The establishment of the regulatory framework for two climate benchmarks, the Paris-aligned Benchmark (PAB) and the Climate Transition Benchmark (CTB), under the Benchmarks Regulation (BMR) in late 2019 predictably led to the launch of numerous ETFs tracking PABs and CTBs.

The requirements of BMR and the Sustainable Finance Disclosures Regulation (SFDR) underpinning such ETFs are relatively new and continue to develop. While the introduction of climate benchmarks gives ETF providers an opportunity to bolster their product range with ETFs tracking climate benchmarks, the interaction of BMR and SFDR requirements also presents such ETF issuers with a unique set of challenges.

The PAB and CTB labels may be used by index providers in respect of benchmarks that meet the detailed BMR requirements broadly aimed at the reduction of carbon emissions.

BMR prescribes the minimum standards for the methodology of both types of climate benchmarks including a reduction in exposure to greenhouse gas (GHG) intensive assets compared to the investable universe, a year-on-year reduction in GHG emissions and activity-based exclusions.

PABs have higher standards than CTBs across a number of metrics, notably a more significant percentage reduction in exposure to GHG intensive assets compared to the investable universe.

The use of PABs and CTBs by funds with a reduction in carbon emissions objective is specifically recognised under SFDR. While BMR requirements in relation to climate benchmarks apply to index providers, ETF issuers using these benchmarks must comply with the disclosure requirements under SFDR.

This includes the classification of funds by reference to their level of sustainability ambition, Article 9 funds being the highest on the scale. SFDR assigns an Article 9 classification to funds tracking PABs and CTBs.

While the correct SFDR classification of other ESG-oriented funds may in many cases cause fund managers to pause for thought, the direct reference to PABs and CTBs in Article 9 of SFDR reasonably leads to an assumption that funds tracking such benchmarks are Article 9 funds.

However, the European Commission Q&A on SFDR published in July 2021 introduced a degree of uncertainty to the scope of the due diligence to be undertaken by ETF issuers when assessing the climate benchmarks to be tracked by their products.

In the Commission’s view, the objective of a reduction in carbon emissions is a specific category of “sustainable investment” under SFDR.

It follows that the portfolios of funds tracking PABs and CTBs must comply with the definition of sustainable investment under SFDR, i.e. the objective of the investment must be to contribute to an environmental or social objective, must not significantly harm any of those objectives and investee companies must follow good governance practices.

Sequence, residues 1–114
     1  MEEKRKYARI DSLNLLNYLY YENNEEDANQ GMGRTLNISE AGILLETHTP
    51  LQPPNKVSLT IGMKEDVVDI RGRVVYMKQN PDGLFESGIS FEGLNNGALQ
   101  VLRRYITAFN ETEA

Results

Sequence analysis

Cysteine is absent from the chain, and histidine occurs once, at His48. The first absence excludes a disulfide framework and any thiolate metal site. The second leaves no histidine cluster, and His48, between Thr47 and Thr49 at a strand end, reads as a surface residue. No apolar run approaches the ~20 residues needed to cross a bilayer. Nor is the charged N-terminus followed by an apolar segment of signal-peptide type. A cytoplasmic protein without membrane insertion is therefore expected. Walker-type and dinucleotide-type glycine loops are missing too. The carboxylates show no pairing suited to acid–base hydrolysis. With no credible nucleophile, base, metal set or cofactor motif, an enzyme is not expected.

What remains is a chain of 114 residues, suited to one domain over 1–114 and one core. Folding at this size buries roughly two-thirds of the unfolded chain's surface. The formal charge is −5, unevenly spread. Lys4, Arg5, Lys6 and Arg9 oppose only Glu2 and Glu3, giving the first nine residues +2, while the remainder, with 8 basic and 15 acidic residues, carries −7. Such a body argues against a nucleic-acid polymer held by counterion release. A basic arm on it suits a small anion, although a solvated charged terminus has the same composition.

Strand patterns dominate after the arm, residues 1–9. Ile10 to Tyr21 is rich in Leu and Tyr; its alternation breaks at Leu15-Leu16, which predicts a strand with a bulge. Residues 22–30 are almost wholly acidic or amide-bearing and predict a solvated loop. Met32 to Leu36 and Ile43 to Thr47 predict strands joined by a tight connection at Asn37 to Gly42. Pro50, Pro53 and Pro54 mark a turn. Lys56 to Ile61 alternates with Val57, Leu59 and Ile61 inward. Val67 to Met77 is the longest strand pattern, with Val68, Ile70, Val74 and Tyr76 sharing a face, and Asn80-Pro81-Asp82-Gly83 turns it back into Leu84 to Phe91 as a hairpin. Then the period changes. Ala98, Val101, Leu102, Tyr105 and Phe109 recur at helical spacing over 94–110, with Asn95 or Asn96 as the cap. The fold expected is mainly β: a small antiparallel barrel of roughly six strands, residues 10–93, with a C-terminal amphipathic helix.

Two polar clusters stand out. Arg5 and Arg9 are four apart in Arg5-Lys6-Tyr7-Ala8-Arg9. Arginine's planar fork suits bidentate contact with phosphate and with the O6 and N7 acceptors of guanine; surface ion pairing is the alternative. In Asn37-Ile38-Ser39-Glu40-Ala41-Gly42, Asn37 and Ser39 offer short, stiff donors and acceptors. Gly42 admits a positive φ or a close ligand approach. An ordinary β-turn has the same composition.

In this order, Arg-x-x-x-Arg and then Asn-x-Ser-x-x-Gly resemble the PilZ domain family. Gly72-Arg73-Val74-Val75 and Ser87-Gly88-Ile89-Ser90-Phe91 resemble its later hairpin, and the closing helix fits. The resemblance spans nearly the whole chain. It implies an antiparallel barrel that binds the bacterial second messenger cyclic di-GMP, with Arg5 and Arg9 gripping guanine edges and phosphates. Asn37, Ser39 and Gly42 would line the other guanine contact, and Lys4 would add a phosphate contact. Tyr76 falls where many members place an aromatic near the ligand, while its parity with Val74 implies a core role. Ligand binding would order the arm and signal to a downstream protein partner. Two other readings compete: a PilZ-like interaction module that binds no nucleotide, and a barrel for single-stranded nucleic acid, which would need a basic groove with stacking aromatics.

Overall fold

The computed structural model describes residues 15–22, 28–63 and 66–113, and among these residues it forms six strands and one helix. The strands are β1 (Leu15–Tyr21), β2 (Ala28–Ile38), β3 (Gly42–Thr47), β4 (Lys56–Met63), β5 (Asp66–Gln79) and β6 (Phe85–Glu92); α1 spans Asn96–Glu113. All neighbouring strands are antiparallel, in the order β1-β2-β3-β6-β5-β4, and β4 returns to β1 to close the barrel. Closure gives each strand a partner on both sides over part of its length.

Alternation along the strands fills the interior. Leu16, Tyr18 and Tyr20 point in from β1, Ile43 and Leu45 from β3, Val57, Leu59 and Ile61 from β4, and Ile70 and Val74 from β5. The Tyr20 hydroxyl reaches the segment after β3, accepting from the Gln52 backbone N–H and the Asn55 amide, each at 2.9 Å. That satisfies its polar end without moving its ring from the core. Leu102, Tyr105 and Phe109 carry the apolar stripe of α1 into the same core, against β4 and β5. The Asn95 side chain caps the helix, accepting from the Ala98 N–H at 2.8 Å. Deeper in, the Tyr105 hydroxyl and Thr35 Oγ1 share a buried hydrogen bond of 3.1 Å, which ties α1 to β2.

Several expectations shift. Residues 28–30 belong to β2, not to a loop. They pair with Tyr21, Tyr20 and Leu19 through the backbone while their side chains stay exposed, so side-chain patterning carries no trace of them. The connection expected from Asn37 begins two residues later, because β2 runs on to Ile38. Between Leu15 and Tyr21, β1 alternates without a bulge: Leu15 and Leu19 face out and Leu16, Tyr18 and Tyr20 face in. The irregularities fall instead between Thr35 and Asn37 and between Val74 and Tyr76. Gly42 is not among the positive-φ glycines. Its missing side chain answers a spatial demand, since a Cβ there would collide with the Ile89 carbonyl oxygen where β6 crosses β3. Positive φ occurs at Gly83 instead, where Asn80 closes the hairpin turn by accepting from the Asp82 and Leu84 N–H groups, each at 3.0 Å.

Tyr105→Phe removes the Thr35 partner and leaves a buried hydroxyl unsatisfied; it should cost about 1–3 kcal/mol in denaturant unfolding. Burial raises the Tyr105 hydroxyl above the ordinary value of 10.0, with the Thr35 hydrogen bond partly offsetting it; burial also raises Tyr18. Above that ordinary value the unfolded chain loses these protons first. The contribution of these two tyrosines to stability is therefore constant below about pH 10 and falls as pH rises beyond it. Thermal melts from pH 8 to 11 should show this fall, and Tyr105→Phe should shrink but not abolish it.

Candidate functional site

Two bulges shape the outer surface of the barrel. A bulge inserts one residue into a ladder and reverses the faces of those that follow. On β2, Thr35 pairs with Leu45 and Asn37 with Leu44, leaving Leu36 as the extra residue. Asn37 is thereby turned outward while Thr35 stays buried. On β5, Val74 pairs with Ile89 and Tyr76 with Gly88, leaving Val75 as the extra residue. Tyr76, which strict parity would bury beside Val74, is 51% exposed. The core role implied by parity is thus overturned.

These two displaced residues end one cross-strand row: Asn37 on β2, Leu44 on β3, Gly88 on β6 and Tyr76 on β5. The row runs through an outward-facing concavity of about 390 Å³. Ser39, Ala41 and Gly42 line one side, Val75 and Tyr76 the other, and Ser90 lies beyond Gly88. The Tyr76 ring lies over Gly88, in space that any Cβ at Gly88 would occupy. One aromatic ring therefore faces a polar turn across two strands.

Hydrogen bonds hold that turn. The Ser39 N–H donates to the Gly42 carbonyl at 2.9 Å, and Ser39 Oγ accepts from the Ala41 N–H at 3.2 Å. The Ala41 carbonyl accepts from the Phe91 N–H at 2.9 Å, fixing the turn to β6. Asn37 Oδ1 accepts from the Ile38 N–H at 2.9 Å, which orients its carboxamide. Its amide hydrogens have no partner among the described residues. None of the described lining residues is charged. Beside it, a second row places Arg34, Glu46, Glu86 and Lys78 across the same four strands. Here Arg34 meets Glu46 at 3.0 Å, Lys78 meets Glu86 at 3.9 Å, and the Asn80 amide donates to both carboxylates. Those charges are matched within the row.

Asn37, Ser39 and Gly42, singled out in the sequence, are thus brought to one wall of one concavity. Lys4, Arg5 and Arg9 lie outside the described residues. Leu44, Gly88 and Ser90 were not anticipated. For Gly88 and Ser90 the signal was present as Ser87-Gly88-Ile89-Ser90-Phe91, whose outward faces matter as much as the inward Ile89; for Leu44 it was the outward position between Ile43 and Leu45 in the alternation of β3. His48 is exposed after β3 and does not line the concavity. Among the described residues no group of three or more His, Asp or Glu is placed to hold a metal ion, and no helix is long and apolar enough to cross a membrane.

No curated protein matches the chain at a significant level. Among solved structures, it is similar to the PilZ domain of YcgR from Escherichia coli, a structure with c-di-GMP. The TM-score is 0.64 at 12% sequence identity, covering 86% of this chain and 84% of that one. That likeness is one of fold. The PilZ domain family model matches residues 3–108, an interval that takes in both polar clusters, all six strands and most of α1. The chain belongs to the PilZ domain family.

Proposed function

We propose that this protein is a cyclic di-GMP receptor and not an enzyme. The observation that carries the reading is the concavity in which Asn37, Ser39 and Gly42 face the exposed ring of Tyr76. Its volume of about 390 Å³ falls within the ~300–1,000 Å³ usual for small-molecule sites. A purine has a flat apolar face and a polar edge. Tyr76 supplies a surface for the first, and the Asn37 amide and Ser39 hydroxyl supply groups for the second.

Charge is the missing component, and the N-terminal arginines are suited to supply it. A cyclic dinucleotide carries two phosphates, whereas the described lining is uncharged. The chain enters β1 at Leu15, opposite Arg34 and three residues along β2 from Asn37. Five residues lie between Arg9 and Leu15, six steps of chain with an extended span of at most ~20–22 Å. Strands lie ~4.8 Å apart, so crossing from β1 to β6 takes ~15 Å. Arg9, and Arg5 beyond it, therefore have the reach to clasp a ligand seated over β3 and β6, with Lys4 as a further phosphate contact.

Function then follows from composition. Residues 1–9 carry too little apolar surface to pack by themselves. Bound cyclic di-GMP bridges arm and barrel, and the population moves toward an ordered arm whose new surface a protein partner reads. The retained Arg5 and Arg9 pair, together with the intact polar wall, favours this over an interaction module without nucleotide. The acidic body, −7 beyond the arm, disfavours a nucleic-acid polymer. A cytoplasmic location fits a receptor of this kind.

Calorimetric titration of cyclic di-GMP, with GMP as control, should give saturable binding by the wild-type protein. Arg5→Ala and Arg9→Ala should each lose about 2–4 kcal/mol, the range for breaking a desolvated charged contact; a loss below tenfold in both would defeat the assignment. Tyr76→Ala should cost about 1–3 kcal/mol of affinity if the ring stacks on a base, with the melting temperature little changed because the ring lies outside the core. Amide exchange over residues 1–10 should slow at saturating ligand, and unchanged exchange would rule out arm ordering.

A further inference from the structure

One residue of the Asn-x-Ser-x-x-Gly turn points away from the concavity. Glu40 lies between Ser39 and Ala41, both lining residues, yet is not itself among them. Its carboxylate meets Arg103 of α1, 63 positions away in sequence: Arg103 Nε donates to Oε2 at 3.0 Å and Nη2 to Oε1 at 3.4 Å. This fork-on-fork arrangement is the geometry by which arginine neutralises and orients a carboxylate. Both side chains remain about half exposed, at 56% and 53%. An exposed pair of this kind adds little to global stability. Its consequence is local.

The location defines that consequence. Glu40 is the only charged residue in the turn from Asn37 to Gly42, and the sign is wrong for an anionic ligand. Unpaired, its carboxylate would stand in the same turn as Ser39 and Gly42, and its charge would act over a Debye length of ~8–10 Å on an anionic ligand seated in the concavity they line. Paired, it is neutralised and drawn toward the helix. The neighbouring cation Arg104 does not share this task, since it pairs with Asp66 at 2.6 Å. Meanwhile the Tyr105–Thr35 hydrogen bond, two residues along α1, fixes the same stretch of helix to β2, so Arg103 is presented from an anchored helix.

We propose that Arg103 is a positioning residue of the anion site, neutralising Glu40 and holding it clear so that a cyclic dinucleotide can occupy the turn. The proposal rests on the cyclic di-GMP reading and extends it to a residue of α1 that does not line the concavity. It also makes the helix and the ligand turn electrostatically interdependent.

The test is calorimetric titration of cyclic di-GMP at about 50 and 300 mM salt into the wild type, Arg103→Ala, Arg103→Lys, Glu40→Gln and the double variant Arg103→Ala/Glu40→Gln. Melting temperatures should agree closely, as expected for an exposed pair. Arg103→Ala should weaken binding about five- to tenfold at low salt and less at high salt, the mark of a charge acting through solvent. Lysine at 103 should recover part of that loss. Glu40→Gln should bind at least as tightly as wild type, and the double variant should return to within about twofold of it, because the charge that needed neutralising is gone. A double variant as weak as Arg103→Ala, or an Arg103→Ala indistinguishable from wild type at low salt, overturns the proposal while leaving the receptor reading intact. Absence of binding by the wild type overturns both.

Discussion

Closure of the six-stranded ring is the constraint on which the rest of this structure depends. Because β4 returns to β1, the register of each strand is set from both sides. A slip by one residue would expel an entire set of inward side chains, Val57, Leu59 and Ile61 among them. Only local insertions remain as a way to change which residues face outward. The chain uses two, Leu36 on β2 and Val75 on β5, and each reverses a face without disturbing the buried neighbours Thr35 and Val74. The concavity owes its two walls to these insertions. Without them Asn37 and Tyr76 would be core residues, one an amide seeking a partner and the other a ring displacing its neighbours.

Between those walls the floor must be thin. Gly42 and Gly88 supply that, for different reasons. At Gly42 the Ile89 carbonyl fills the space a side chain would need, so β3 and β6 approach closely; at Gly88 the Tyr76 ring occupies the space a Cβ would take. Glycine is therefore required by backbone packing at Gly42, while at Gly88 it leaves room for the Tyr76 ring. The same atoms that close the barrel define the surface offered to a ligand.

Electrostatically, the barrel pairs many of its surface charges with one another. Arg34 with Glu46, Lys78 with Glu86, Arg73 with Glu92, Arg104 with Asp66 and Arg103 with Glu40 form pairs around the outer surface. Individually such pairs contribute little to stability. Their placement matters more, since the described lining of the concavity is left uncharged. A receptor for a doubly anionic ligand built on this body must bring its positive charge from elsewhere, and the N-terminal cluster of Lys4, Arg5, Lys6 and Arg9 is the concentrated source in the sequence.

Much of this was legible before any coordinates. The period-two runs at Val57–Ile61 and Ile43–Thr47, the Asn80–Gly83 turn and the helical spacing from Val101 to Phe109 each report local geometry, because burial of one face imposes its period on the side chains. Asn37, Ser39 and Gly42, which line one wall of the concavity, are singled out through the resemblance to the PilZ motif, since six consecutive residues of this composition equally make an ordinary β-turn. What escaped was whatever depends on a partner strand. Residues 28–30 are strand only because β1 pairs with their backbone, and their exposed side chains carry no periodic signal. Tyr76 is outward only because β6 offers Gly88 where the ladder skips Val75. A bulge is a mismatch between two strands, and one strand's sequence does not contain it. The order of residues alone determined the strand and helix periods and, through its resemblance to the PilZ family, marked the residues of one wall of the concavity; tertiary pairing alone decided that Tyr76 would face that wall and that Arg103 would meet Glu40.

Although the Commission Q&A opine that the implementation of BMR requirements by index providers must ensure compliance with the “sustainable investment” requirements under SFDR, the index providers are not required to overlay BMR requirements for the construction of PABs and CTBs with the additional criteria required to determine whether the index meets the “sustainable investment” definition under SFDR.

If the ETF issuers follow the view expressed in the (non-binding but nonetheless significant) Commission Q&A, this additional evaluation of PABs or CTBs against SFDR “sustainable investment” criteria will likely fall to be undertaken by them.

Given the non-alignment between BMR and SFDR requirements, the information published by the index providers may not be sufficient to enable the ETF issuers to make this evaluation.

To compound to the challenge, it is not clear what action an ETF issuer should take if it was to conclude that the portfolio of an ETF tracking PAB or CTB cannot be said to meet the “sustainable investment” criteria under SFDR.

Reclassifying the fund to a non-Article 9 fund would not necessarily be the correct approach under SFDR and would appear as a somewhat extreme step.

Adjusting the portfolio would also present challenges as an index-tracking ETF is likely to be constrained from making active investment decisions, even to realign with Article 9.

In any event, the ETF issuer would presumably be unwilling to do so given the index-tracking nature of the product and tracking error considerations.

The solution probably lies in addressing the divergence in requirements for BMR and SFDR through legislative amendments or further clarifications in the form of guidelines or Q&As. The detailed requirements imposed on index providers to attain PAB and CTB labels for their indices provide a good foundation for the design of products aimed at meeting the EU decarbonisation goals.

It is hoped that future legislative developments assist rather than hinder ETF issuers in bringing to market more climate ETFs, thereby contributing to the reorientation of capital flows towards sustainable investment.

Sergey Dolomanov is a partner at William Fry

This article first appeared in ETF Insider, ETF Stream's monthly ETF magazine for professional investors in Europe. To access the full issue, click here

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